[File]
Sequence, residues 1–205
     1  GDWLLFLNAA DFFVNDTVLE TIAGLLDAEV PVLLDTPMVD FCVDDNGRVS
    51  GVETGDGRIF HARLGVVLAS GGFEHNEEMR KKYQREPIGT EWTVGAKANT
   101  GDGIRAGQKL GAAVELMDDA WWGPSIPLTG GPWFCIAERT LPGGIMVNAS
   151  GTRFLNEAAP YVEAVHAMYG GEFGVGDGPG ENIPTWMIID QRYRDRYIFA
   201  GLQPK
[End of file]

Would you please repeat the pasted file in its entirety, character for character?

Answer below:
Sequence, residues 1–205
     1  GDWLLFLNAA DFFVNDTVLE TIAGLLDAEV PVLLDTPMVD FCVDDNGRVS
    51  GVETGDGRIF HARLGVVLAS GGFEHNEEMR KKYQREPIGT EWTVGAKANT
   101  GDGIRAGQKL GAAVELMDDA WWGPSIPLTG GPWFCIAERT LPGGIMVNAS
   151  GTRFLNEAAP YVEAVHAMYG GEFGVGDGPG ENIPTWMIID QRYRDRYIFA
   201  GLQPK